Fired for $4 pizza . . .

Source: Fired for $4 pizza . . . | Sunday Mail (Business)

Legal Matters with Arthur Marara

What was your first reaction when you saw this headline? Unbelievable, what on earth, what?? These are some of the reactions that would be close. Well, this speaks to a real case that happened, and several more of people who were dismissed from their employment. The purpose of this column is to speak to issues that affect businesses and the people who work for businesses. This week I want to take you through the law that governs dismissal.

Dismissal is a form of termination of contract that comes after due process has been carried out in terms of Section 12B of the Labour Act [Chapter 28:01]. There is no scope for summary dismissal under this legal dispensation. In the previous articles I took time to explain how a disciplinary hearing is supposed to be conducted in order for it to be valid. There are penalties that can be imposed once an employee has been found guilty of misconduct.

The question to be asked is what are the considerations before a penalty is imposed. The employer had the common law right to discipline employees for acts of misconduct.

The pizza story

The employer in this case a leader in the fast food industry approached the Supreme Court on appeal against the judgment of the Labour Court setting aside the decision of the arbitrator by which she confirmed the dismissal of the employee from employment following a conviction for misconduct.  The employee was convicted of conduct inconsistent with the fulfilment of the express or implied terms or conditions of his contract of employment contrary to the provisions of s4(a) of S.I. 15 of 2009. Section 4(a) is a codification of the employee’s duty common law duty of good faith.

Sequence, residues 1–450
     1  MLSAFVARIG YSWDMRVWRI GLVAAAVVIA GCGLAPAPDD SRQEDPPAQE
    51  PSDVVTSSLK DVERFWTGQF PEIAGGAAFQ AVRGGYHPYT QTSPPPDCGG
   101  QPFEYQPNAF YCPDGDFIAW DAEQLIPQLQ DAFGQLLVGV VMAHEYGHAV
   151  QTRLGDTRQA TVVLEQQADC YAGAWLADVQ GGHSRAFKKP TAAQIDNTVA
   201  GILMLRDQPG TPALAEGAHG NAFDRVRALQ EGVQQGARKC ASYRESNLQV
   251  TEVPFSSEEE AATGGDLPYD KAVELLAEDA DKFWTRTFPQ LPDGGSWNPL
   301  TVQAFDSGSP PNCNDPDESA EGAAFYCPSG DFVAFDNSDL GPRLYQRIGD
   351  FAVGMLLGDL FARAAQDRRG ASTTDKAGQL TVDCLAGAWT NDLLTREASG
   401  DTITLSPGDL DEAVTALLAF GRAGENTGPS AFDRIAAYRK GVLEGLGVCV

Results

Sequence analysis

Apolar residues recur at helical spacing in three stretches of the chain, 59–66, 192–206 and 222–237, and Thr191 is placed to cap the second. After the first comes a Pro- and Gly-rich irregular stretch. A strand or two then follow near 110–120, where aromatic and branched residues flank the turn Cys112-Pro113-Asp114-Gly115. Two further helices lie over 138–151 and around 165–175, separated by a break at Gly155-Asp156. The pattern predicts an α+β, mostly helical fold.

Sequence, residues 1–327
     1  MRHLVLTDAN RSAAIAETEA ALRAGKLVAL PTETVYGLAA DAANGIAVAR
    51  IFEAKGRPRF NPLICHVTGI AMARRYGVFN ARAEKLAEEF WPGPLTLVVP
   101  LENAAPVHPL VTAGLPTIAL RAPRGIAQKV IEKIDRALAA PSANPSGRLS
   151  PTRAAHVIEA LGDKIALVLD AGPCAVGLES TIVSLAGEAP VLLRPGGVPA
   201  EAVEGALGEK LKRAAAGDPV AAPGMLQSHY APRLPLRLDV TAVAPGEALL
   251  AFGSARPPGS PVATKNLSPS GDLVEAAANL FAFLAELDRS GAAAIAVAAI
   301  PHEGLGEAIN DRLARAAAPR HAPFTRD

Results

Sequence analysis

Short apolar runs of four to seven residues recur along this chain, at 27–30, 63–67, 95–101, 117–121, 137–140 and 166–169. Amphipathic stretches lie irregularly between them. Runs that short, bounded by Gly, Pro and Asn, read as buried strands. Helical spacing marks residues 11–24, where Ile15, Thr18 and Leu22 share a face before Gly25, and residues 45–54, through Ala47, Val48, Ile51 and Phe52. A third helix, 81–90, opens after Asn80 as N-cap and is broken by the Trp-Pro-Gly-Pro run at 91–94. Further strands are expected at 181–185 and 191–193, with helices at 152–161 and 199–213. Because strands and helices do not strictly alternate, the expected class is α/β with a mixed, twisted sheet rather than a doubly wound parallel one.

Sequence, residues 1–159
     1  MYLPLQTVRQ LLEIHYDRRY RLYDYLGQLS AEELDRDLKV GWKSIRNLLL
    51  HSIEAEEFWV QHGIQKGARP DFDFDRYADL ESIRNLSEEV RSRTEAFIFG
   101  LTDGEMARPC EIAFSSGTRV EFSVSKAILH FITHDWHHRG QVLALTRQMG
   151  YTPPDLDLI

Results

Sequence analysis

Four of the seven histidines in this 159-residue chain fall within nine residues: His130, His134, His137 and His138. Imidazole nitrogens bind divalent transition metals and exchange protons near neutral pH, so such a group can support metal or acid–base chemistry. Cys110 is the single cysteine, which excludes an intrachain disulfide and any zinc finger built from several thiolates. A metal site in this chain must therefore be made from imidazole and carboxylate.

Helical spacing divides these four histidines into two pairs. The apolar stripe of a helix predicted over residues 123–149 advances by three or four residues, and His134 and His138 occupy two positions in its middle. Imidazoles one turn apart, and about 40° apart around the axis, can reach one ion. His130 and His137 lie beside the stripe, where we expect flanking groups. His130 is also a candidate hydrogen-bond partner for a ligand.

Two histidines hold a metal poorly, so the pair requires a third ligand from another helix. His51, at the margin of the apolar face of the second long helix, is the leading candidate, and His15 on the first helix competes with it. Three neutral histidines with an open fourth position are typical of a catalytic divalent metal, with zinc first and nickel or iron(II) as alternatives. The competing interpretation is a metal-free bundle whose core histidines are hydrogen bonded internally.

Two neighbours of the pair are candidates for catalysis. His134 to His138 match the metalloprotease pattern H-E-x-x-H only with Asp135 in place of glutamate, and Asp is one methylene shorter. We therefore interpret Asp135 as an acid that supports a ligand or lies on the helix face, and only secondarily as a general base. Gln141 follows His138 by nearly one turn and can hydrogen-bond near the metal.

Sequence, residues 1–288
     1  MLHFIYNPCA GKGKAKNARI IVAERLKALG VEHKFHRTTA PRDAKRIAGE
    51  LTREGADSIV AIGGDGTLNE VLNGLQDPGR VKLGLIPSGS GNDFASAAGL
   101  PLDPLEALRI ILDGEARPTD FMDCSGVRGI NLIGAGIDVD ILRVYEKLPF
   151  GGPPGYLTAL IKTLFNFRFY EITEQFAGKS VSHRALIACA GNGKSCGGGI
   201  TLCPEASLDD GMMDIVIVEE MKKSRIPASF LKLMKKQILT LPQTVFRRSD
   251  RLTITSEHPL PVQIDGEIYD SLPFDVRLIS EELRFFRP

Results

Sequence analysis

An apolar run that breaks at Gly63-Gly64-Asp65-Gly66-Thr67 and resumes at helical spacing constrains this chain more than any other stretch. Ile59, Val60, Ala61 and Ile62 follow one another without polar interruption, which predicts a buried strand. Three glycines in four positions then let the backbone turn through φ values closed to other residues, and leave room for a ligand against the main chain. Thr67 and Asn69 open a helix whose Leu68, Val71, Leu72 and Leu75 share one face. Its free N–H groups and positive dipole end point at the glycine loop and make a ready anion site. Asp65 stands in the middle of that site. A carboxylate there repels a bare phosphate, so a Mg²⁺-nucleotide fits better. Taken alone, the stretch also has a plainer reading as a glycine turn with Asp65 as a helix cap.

The employer’s complaint against the employee was that, in the course of his employment as a pizza maker, had produced a pizza without having received the necessary docket authorising the production of the pizza. In terms of the code of conduct the employee’s conduct constituted a dismissible offence.

The disciplinary hearing committee and the arbitrator found that the misconduct by the respondent was of a serious nature going to the root of the relationship of employment and that it involved an element of dishonesty on the part of the employee.

The Labour Court disagreed with the arbitrator, and overturned the penalty of dismissal and substituted it with reinstatement. In doing so, it held that the arbitrator had not taken into consideration that the respondent was acting under pressure. It went on to say that the employer had not suffered any prejudice through the production of the pizza and that the pizza was worth only $4,00. It also said that the penalty should have been corrective rather than punitive.

On appeal, the Supreme Court, held that Labour Court seriously misdirected itself in coming to the conclusion it did.  The value of the pizza would not change the fate of the employee in question. The reasoning of the court was the issue of prejudice was not relevant because the purpose of the introduction of the docket system was to obviate dishonest conduct on the part of pizza makers. The finding that the pizza was only $4,00 was of no consequence.